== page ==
Contrary to what you hear on TV, there are a few things that Washington’s big three can do together in the next two years. At a minimum, President Donald Trump, Senate Majority Leader Mitch McConnell and Nancy Pelosi, who is likely to once again become Speaker of the House, will have to cooperate on budgets to keep the government running. The newly empowered House Democrats might also find Republicans are willing to work with them on infrastructure, criminal justice reform and maybe even health care.
And if this was the America of 1946, 1986 or 1994, I might be optimistic that an incumbent president who justlost a chamber of Congress in a midterm would be able to work with the other party to get things done. That’s whatHarry Truman, Ronald Reagan and Bill Clinton did in those years.
Truman lost the House, Reagan lost the Senate, and Clinton lost both. But all three, though smarting from their defeats, decided that the way forward politically — and the best thing for the country — was to reach out to the opposition and give a little to get a little. In other words, compromise. Gerald Ford, president from 1974 to 1977, said it best: “Compromise is the oil that makes governments go.”
Finding common ground has proven successful
Even then, it was tough. Truman and Reagan found common ground with the other party on foreign affairs — Truman’s hugely expensive Marshall Plan and Reagan’s thawing of ties with the Soviet Union, for example — but were generally thwarted domestically. But Clinton is a model that Trump may want to study.
The Red Wave of ’94 turned Georgia firebrand Newt Gingrich into Speaker of the House and humbled Clinton. It led to a moderation of his views and an outreach to Gingrich. The two found common ground on issues like deficit reduction (which led to budget surpluses between 1998 and 2001) and a massive overhaul of the country’s welfare system.
Clinton’s sudden humility — and a booming economy — led to his solid reelection in 1996. One wonders what else might have been accomplished if House Republicans hadn’t dropped everything they were doing to impeach Clinton for lying about an affair.The advice for Trump here — and I know I’m probably wasting my time — is for him to also learn from his setbacks and become more humble. Republicans think this wasn’t a wave election? Even as votes were still being counted Thursday, the Cook Political Report had Democrats leading Republicans by 7.2 percentage points in the national House popular vote, and its analysts said that could go higher. That would make this wave bigger than the Republican waves of 1994 (+7.1%) and 2010 (+6.8%).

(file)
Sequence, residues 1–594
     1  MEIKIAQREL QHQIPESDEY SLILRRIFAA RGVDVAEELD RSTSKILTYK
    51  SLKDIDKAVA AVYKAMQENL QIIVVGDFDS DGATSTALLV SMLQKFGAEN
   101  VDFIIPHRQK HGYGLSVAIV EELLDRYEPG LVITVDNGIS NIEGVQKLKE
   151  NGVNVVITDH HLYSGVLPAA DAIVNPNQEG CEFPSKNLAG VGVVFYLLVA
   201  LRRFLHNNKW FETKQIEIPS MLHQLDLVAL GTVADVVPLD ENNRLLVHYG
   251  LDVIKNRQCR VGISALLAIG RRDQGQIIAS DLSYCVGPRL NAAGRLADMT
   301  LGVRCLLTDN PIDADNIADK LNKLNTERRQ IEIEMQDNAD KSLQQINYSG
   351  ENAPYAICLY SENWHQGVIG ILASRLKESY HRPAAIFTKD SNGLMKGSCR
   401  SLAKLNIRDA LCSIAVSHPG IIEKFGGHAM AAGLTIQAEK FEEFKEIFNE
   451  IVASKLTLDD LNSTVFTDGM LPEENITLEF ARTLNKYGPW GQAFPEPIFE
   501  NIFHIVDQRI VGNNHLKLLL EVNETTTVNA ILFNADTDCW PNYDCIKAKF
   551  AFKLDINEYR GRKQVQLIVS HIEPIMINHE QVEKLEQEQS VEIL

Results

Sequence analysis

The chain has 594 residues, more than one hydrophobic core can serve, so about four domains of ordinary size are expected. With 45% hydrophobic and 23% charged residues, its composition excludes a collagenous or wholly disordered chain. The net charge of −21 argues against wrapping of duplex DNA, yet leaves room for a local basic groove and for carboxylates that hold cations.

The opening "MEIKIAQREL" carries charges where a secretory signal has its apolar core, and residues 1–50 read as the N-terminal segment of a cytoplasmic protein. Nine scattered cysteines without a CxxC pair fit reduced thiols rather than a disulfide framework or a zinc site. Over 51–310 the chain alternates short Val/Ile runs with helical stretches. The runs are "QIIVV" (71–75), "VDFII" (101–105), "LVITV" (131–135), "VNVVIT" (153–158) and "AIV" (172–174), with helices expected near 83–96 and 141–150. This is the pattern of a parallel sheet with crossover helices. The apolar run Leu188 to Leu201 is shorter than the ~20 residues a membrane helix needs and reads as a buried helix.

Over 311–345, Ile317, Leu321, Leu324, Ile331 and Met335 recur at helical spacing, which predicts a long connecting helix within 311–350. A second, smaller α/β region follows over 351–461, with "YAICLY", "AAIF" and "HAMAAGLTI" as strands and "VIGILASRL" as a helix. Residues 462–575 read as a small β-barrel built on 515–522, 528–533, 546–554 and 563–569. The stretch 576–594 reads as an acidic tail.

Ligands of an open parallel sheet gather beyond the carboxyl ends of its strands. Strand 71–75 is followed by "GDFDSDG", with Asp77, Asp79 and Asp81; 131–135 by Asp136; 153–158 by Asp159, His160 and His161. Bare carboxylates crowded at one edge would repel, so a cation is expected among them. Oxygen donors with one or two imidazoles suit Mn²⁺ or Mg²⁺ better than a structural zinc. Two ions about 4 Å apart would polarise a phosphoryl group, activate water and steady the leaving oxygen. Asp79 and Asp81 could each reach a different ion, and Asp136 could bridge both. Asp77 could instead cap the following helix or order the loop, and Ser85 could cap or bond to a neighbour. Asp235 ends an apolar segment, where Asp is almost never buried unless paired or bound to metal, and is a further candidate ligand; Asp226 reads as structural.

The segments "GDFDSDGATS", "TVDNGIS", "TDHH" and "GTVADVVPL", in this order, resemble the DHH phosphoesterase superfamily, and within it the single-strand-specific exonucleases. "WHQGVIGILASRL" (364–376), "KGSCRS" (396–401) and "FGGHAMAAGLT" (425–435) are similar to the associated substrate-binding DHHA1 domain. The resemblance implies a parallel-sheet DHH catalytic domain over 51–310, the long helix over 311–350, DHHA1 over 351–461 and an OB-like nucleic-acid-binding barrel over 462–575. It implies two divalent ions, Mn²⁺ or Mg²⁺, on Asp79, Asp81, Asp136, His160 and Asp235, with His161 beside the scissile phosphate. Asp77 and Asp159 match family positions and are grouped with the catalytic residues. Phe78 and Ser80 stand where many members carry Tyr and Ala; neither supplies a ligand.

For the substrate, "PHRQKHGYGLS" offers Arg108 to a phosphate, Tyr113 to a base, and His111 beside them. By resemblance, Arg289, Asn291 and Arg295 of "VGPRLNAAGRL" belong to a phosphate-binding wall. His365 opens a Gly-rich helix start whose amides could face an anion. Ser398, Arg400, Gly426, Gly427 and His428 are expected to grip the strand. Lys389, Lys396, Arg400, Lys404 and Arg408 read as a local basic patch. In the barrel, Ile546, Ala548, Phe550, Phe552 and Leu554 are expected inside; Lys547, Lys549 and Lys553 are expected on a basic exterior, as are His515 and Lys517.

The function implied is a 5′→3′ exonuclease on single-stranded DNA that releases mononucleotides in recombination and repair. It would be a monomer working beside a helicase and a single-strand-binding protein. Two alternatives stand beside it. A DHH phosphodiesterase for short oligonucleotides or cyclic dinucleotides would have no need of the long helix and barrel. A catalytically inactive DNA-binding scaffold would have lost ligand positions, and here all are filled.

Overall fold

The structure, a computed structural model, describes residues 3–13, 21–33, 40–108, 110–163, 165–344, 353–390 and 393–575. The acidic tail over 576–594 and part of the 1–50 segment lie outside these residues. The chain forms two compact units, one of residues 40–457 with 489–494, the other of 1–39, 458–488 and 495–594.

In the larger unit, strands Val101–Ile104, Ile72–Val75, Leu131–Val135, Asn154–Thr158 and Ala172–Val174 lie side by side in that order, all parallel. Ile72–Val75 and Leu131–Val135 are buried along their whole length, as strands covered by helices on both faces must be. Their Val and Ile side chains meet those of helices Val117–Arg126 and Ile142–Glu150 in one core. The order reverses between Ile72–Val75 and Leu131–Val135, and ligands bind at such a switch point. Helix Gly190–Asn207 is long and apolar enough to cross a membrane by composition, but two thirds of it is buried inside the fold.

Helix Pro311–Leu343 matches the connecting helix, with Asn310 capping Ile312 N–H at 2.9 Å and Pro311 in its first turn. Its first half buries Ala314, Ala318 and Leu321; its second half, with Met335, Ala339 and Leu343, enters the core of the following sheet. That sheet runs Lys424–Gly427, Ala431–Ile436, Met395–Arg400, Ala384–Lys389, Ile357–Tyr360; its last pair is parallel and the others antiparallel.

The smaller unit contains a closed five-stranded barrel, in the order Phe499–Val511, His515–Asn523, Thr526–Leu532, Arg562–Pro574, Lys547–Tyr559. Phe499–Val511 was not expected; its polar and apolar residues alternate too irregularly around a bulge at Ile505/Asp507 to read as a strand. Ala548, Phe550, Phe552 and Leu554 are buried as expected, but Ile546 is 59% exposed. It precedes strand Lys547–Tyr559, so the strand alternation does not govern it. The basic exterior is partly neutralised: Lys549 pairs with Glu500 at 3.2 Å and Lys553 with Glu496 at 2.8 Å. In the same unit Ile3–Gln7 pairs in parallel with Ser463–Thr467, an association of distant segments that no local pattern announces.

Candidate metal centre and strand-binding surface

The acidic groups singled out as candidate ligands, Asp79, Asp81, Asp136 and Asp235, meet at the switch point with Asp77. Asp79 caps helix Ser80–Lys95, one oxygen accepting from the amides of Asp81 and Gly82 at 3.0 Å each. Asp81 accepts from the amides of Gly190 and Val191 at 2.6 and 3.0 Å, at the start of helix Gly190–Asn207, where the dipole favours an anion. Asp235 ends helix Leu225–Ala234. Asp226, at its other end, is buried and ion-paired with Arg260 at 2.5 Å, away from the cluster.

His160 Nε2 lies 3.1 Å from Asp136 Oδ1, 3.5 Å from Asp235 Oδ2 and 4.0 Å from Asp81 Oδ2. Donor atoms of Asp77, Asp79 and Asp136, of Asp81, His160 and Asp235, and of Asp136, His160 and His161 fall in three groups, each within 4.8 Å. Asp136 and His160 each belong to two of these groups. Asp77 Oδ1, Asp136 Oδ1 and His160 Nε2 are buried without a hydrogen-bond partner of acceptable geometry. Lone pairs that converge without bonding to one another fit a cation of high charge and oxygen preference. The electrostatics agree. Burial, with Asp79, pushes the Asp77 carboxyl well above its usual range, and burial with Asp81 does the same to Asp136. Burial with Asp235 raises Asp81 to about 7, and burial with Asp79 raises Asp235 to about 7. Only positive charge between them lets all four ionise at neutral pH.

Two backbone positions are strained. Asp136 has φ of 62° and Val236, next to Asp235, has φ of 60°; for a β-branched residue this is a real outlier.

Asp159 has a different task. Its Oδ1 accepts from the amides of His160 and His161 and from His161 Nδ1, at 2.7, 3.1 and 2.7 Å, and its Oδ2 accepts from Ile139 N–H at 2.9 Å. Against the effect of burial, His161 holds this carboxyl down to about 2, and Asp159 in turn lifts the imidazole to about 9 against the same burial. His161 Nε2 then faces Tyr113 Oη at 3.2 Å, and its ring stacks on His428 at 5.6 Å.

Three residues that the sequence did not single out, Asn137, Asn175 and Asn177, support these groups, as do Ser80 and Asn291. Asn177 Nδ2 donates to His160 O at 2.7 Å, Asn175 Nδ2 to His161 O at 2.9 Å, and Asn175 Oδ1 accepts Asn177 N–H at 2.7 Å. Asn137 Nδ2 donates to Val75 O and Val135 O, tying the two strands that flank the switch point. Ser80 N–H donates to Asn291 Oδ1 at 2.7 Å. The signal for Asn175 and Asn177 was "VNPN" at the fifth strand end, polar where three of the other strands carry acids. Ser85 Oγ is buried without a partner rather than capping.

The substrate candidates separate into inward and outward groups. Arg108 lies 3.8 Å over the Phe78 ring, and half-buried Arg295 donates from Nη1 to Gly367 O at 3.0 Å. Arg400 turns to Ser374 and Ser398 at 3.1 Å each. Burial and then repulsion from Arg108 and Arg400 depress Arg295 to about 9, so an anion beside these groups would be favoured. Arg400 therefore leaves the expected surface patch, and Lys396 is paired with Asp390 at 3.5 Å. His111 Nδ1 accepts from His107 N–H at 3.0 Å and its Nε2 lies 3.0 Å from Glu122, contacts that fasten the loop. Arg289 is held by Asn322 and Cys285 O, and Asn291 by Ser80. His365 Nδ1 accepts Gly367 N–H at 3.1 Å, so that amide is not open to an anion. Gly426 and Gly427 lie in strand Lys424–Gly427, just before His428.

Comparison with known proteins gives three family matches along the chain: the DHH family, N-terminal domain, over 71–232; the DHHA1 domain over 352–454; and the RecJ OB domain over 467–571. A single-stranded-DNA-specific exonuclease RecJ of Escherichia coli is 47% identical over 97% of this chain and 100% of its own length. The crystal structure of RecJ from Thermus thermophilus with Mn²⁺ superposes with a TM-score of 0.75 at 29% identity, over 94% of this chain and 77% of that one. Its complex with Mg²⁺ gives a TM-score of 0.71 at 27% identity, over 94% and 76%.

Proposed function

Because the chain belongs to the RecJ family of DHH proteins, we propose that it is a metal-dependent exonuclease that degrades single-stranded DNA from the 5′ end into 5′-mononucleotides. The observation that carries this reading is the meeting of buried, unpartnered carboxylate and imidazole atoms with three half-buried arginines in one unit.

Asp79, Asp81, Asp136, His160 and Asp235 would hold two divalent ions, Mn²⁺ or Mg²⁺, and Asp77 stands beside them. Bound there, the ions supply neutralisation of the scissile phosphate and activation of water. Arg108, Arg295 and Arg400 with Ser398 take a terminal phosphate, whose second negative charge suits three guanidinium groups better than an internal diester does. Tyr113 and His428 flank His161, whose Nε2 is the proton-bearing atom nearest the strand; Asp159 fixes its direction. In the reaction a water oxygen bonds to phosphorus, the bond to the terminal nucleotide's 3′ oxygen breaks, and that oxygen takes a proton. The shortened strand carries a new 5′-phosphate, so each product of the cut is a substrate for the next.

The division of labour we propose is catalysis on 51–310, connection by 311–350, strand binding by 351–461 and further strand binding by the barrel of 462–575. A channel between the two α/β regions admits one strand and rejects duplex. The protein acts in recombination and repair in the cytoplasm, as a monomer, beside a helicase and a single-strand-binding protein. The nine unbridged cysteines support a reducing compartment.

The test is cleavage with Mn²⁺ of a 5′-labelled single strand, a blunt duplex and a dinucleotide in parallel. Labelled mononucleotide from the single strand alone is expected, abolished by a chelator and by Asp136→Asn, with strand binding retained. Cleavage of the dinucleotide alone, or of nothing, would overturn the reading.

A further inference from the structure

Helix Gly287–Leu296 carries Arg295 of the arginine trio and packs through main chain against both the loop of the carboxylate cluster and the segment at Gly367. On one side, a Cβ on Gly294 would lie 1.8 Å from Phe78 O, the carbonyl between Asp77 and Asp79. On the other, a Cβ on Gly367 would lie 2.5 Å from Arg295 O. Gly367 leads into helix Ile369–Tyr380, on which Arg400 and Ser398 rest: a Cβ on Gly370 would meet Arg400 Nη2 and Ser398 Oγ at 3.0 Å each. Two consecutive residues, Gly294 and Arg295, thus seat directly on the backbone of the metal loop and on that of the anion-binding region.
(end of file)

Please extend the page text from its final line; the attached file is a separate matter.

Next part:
If Trump wasn’t so steeped in self-delusion, this could be a teachable moment for him. But based on everything he has said and tweeted since Election Day, there’s no evidence so far that he has learned a thing. That’s too bad for him — and for the country.
Of course, it’s fair to point out that Democrats aren’t exactly in the mood to compromise, either. Their strategy is just like Mitch McConnell’s. Remember back in 2010? The Kentucky Republican — soon to be the Senate Majority Leader — said then that his No. 1 goal was to make Barack Obama a one-term president. Well, guess what? The shoe’s now on the other foot. Democrats want Trump to be a one-term guy too, and will do whatever they can to undermine him.
McConnell and other Republicans are already whining about obstruction. But coming from the party that sat on Obama’s judicial nominees and killed a Supreme Court nomination by burying it for nearly a year, their hypocrisy is obvious in all its full-blown glory.
Both parties will try to undermine each other
This Democratic undermining will begin on day one with a series of investigations into Trump that will be conducted with the same zeal that Republicans showed when they went after Democrats for problems and missteps like the attack on Americans in Benghazi and then-Secretary of State Hillary Clinton’s use of a private email server.Trump supported all that back then, of course. He surely must be nervous that Democrats may get their paws on his tax returns and prop up special counsel Robert Mueller’s Russia probe.
Never one to turn the other cheek, the president has promised to retaliate by having the Senate launch investigations into the Democrats. But Trump forgot to tell McConnell, who indicated last week he has better things to do, like confirm more conservative judges.
As he gears up for re-election, I wonder if Trump knows that of the other four popular vote losers who nevertheless won the presidency, only one was re-elected. Trump hasn’t expanded his base, hasn’t modified his behavior, hasn’t learned to be a president for all Americans. Over the next 24 months he can, perhaps, change a few minds by doing what Truman, Reagan and Clinton did — learning from an electoral thrashing and making adjustments. But Trump’s Trump. If past is prologue, he’ll never change.